More and more often these days, I hear many of my better-informed friends say things about how “the Christians” elected Bush or how “the Christians” are pushing anti-woman social policies down our throats or how “the Christians” are pursuing the war on terror. I take this personally. I am a Christian — although I don’t really have the specifics of what I believe worked out and I increasingly suspect I never will — and I didn’t vote for Bush, I don’t support anti-woman social policies, and I’ve been against the war on terror since day 1. I’m pro-science, pro-gay marriage, pro-choice, pro-birth control, pro-child, pro-family and firmly, vehemently, passionately anti-Bush.

What makes this more hurtful is that the people who blame Christians for our current misguided government are very respectful of other religious traditions. They would never say that all Muslims are terrorists or that Jews are money-grubbing. But for some reason, they feel ok making broad, bigoted statements about “Christians” as if we were all of a type.

We aren’t, so stop it.

Tea! Tea! Tea!

January 13th, 2006

I drink a lot of tea, and I drink it with the passion of a convert. I’ve tried lots of vendors, teas and tea-making tools, so I put together a page of my favorites here: Teasources. I anticipate that this will be an occassionally updated list of what I like. I don’t intend to review every tea I drink, or to list teas I don’t like. It’s greatest hits only.

They think we aren’t important

January 12th, 2006

“Failure is Impossible!” That famous quote epitomizes Susan B. Anthony’s philosophy on life, and her approach to gaining the right to vote for women. Anthony was hard working, honest, enthusiastic, optimistic, and tireless. She is one of a handful of heroes who’s work inspires and drives me.

Anthony, like most of us, was not a single issue advocate. She was passionately against slavery and worked very hard as an abolitionist. She organized rallies, marches, letter writing campaigns, and more, in favor of ending slavery and giving blacks the right to vote.

When the Civil War started, Anthony and her colleagues tabled their efforts to get the vote for women. They were persuaded by their own consciences and colleagues in the abolitionist movement that they should support the War first, and then get back to women’s suffrage later.

The trouble is, after the War, their abolitionist colleagues evaporated, and there was no more interest in women’s suffrage than there had been before. In fact, in many ways women’s votes were less important than before, since they were no longer needed as allies in the fight against slavery.

So, why the history lesson? Activist, lefty women need to be very, very careful before they give up their own interests to a more general progressive cause. It’s easy to be persuaded that there is some other good that’s more important than say, defending abortion or access to birth control. There’s a seductive logic to “help us win back the White House/Senate/House/Whatever, and then we’ll be in a position to help you.”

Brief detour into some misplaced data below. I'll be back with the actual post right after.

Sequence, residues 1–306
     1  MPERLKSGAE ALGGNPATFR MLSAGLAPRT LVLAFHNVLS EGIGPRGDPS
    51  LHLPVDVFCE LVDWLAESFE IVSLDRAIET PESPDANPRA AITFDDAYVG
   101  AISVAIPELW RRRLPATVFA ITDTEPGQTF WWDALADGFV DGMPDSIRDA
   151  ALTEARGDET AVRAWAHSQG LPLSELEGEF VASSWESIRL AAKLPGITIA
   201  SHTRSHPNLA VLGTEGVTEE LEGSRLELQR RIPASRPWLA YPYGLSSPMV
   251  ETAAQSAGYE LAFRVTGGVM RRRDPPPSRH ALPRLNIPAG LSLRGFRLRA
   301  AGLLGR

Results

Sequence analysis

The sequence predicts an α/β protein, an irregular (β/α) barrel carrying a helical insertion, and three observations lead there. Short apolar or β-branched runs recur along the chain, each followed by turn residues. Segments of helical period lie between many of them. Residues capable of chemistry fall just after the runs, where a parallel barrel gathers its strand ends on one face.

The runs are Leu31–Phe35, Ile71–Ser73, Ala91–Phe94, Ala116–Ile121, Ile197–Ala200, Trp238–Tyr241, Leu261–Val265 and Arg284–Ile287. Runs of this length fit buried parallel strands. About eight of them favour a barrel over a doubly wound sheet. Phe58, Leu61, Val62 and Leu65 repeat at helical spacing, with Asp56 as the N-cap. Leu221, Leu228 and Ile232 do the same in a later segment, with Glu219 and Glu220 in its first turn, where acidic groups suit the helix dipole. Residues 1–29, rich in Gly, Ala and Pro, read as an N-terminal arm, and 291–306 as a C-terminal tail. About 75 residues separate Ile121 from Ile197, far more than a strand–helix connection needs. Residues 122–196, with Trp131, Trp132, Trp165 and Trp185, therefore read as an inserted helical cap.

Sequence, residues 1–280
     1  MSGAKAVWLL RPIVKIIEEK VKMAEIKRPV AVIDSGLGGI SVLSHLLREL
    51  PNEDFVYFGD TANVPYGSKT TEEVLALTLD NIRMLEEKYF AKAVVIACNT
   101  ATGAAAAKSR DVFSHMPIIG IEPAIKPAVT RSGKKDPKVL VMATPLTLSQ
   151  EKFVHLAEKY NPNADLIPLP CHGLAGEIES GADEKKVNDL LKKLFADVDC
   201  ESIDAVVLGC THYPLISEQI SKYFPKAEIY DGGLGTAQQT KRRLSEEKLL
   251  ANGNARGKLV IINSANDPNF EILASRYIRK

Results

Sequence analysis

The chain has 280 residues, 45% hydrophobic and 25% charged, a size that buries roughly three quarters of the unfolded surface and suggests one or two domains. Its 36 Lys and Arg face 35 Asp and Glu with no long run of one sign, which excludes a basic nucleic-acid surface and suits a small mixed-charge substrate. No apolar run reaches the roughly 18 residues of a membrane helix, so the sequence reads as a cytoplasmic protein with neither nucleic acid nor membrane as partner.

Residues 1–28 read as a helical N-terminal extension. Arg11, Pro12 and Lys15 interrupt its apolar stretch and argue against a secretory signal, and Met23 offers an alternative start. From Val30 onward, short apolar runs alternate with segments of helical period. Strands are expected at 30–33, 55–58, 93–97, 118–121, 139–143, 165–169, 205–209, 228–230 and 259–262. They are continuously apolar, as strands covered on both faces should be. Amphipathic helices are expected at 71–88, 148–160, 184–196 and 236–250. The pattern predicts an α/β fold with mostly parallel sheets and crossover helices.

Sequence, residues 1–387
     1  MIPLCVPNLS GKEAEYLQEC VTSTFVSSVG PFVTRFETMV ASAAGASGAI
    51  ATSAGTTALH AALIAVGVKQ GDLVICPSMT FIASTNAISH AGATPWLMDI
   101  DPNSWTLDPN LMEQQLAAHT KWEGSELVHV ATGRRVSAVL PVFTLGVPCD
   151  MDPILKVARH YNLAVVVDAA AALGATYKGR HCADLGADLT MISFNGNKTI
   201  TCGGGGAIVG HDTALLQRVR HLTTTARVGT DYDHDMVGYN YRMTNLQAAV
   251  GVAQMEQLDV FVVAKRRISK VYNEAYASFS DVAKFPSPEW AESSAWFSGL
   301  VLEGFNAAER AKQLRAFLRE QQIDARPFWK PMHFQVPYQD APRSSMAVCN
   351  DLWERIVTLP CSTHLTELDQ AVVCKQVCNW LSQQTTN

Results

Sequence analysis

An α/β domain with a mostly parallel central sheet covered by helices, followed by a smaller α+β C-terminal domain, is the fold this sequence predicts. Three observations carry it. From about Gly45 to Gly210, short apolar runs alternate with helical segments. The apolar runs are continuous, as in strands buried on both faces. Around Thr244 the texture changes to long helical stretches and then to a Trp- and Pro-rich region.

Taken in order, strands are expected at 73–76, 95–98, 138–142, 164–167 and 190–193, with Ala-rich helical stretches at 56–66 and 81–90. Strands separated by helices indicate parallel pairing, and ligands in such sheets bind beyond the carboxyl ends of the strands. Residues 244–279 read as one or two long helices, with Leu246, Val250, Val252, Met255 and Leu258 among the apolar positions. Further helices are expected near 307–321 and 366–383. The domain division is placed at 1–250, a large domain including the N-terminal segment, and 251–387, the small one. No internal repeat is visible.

Resist that logic, and remind yourself — when women work together, failure is impossible. This is a fight that matters.


January 11th, 2006

Today, I got up at 5am, put on my workout clothes, and went to the gym. I didn’t have a particularly good workout, but I listened to music, people watched, and did my best in spite of the asthma attack I could feel building (on the left side of my chest, just below my collarbone — if I ever have a heart attack, I will unfortunately probably think it’s asthma and ignore it). I even sweated.

I have since had the best morning I’ve had in weeks. I’m in a good mood, I’m alert, I was ready to leave the house 20 minutes before my usual time, I had time to do a bit of crocheting, have a good breakfast, savor my tea and pet my cat, and I’ve knocked 3 annoying items off my to do list already at work.

I’m just noting this here to remind myself that the effort is worth it.

Guacamole is the new black

January 6th, 2006

Remember what I said about the guacamole paint color in my bathroom? Well, it turns out that that color is “ascendant” for 2006. It’s one of several colors paint companies selected as trendy. The color in our bathroom is close to what they call “peaceful pines” — at least on my monitor. Yay me!

Watch This Now!

January 4th, 2006

Ok, ok, ok, ok, ok. I know what I said about Craft Corner Deathmatch, and I really, really meant it, but now I have to say that Rollergirls is the most awesomest TV show ever, and if you aren’t watching it you’re lame. Seriously.

Developed by A&E, Rollergirls is a “non-scripted” series about one season in the Texas Roller Derby League, which has 4 teams. The series is less about the derby than about the players themselves — why they love the derby, how they approach bouts, and how they build a stage presence for themselves and their team. It’s fascinating. And yes, it’s titilating too — the girls are scantily dressed and vamp hard for the crowd.

All in all, it’s just too cool for words, and you must watch it. The first episode, “Rookie”, is in heavy rotation on A&E this week, so make an effort to catch it. You won’t be disappointed.